Afterward, they were able to estimate the risk of developing six different major cardiovascular conditions within two years of childbirth. These conditions included ischemic heart disease, heart failure, cardiomyopathy, arrhythmia/cardiac arrest, high blood pressure, and stroke.
People with prenatal depression were found to have an 83% higher risk of developing ischemic heart disease within two years of delivery as opposed to people without depression.
Additionally, it was revealed that people with prenatal depression have a 60% higher risk of developing arrhythmia/cardiac arrest, a 61% higher risk of developing cardiomyopathy, and a 32% higher risk of receiving a new diagnosis of high blood pressure.
The researchers also conducted an analysis that excluded people with high blood pressure during pregnancy and found that these individuals had an 85% higher risk of developing arrhythmia/cardiac arrest and an 84% higher risk of developing ischemic heart disease.
Stroke and cardiomyopathy risk was also increased, with a 42% and 52% higher risk, respectively.
“Even after excluding those with hypertensive disorders of pregnancy, those with depression during pregnancy still had a significantly higher risk of ischemic heart disease, arrhythmia, stroke, cardiomyopathy, and new chronic hypertension postpartum,” explained Ackerman-Banks.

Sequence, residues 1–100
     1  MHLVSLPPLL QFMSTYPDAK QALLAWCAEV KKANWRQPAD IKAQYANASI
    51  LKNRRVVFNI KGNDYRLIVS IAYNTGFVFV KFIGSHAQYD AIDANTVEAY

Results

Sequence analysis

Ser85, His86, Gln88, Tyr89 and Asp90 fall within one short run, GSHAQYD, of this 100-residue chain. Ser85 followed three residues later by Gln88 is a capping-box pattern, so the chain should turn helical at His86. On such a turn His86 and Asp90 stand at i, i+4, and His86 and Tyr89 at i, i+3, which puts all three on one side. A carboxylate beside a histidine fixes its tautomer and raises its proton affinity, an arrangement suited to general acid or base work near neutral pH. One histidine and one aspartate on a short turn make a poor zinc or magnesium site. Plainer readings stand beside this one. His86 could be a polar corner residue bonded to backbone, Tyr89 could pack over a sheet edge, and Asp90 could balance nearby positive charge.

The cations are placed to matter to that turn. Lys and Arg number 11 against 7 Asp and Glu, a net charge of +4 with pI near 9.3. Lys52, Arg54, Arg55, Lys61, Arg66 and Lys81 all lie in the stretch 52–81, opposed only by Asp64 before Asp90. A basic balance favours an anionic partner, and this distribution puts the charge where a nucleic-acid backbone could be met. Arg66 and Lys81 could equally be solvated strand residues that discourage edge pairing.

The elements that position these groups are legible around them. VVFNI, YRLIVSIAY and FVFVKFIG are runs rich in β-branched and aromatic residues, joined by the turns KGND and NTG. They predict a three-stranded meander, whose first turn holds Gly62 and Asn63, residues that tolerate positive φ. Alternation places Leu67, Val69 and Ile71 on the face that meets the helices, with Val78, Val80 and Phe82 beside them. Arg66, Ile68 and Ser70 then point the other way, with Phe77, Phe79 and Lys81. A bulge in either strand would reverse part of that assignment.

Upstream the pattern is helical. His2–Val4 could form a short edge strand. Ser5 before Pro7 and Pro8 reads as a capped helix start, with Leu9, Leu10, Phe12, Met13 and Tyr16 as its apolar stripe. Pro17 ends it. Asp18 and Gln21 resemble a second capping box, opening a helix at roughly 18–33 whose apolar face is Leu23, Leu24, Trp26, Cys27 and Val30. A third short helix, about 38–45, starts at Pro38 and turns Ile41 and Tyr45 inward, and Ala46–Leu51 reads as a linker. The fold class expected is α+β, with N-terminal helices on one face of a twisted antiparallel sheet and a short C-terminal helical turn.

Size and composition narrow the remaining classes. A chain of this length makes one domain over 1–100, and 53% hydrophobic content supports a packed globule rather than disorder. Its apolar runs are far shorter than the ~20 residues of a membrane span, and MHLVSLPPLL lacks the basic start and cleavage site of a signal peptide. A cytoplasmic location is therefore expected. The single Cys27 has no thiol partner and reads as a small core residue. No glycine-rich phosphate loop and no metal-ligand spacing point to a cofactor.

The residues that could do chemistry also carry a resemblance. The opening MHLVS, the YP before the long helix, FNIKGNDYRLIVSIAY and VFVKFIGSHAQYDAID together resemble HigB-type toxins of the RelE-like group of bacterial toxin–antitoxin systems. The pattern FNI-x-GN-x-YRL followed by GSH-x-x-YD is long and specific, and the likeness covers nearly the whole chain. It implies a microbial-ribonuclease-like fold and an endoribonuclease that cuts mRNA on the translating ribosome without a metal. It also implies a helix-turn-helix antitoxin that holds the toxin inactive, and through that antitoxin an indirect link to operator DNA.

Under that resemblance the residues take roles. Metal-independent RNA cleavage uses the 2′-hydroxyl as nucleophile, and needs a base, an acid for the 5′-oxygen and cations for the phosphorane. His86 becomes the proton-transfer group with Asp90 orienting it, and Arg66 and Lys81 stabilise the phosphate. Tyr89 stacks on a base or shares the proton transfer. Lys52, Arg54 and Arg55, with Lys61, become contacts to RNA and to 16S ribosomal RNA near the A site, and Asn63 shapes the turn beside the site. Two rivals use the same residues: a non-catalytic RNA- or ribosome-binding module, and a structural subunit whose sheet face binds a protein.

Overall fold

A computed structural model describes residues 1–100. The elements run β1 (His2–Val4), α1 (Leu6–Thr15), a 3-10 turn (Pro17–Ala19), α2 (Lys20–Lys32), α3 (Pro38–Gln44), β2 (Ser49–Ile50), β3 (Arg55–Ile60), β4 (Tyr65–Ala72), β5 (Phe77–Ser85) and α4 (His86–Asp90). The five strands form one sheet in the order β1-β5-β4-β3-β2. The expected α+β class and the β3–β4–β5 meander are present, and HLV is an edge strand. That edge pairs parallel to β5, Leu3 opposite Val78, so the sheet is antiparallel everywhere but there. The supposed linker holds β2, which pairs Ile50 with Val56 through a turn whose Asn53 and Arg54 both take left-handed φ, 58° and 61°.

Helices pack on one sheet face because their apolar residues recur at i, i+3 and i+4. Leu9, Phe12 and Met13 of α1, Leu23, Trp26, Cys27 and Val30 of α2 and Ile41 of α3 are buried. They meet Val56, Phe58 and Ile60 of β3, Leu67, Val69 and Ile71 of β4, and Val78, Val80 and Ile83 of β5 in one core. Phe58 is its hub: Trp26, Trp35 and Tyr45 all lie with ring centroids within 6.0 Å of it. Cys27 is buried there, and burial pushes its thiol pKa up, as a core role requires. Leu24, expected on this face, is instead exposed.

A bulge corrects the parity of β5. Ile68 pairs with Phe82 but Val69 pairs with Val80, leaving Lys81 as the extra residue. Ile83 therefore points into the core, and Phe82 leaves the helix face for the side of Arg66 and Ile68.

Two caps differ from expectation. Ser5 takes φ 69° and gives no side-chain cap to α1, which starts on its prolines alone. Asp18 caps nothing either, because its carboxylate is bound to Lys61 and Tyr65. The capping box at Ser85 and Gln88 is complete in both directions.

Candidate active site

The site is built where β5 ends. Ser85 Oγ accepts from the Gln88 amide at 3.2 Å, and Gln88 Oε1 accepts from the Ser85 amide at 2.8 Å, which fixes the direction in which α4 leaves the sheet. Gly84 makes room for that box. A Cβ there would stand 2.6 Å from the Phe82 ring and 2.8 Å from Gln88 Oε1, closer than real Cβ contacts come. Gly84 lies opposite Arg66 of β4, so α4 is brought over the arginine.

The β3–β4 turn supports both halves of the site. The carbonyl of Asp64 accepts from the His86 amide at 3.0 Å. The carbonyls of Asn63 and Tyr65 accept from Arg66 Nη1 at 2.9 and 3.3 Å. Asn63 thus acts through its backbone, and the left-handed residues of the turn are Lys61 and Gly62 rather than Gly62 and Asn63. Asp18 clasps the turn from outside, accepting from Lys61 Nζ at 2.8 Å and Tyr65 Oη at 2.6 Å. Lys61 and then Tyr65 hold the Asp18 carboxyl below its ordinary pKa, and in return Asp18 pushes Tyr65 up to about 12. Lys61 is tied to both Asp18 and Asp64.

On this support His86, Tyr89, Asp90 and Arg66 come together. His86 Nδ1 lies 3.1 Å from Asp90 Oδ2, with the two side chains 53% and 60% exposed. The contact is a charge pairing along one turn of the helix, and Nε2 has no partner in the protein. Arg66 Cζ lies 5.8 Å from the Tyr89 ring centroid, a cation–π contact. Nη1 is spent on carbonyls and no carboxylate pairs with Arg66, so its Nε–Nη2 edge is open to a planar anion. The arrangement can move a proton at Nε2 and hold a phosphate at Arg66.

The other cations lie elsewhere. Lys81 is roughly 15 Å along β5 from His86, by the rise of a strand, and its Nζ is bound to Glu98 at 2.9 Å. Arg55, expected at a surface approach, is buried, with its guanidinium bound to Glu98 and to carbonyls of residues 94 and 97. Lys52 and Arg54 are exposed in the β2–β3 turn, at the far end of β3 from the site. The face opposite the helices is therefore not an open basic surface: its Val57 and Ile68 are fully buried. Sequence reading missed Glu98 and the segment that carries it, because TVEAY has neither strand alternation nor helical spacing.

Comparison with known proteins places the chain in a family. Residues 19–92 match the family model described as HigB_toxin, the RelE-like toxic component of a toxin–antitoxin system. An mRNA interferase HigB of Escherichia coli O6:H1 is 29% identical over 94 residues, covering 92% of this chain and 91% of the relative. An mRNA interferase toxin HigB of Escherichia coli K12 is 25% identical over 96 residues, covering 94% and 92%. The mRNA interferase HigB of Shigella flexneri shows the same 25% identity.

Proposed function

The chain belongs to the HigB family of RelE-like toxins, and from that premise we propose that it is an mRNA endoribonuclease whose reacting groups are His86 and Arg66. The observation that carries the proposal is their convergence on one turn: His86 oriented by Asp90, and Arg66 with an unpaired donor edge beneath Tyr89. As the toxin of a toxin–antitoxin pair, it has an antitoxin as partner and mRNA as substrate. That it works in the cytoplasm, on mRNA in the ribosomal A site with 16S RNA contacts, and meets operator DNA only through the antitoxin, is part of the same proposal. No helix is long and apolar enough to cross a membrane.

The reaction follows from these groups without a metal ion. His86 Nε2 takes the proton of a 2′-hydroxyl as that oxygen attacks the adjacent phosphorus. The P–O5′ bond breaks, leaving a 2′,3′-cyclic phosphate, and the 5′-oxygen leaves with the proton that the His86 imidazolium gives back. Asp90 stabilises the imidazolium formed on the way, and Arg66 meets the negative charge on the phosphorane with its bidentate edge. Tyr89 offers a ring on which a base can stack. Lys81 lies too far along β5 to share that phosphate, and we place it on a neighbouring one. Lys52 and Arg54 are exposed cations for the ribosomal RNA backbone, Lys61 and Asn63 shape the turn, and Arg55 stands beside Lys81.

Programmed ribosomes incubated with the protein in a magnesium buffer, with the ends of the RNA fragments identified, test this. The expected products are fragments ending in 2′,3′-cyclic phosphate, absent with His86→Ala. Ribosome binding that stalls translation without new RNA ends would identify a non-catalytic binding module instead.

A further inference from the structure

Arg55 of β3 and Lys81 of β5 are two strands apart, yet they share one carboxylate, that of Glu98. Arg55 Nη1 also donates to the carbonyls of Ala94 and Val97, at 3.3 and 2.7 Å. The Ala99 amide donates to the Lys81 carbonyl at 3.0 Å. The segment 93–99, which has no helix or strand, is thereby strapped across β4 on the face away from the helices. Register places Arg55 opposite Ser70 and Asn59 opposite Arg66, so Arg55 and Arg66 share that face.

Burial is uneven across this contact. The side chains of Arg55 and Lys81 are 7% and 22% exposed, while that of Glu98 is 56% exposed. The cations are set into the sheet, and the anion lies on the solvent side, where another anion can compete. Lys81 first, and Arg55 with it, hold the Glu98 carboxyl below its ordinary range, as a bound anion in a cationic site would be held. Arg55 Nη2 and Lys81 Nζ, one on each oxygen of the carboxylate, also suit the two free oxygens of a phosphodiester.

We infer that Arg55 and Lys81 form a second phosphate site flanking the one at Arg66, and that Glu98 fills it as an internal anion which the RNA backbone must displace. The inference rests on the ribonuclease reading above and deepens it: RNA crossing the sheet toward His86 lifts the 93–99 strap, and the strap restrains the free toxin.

In high-income nations, including the United States, cardiovascular disease is currently the leading cause of pregnancy-related mortalities. Other pregnancy-related factors that contribute to cardiovascular disease development may include a rise in stress-related hormones and chronic inflammation.
So, the researchers have recommended that any woman diagnosed with prenatal depression take proactive steps to preserve long-term cardiovascular health. To get started, you can speak with your primary care doctor and get screened for other risk factors in order to implement any prevention strategies.
“They should also be screened for Type 2 diabetes and high cholesterol, and implement an exercise regimen, healthy diet, and quit smoking,” Ackerman-Banks added.
To read the study’s complete findings, visit the link here.
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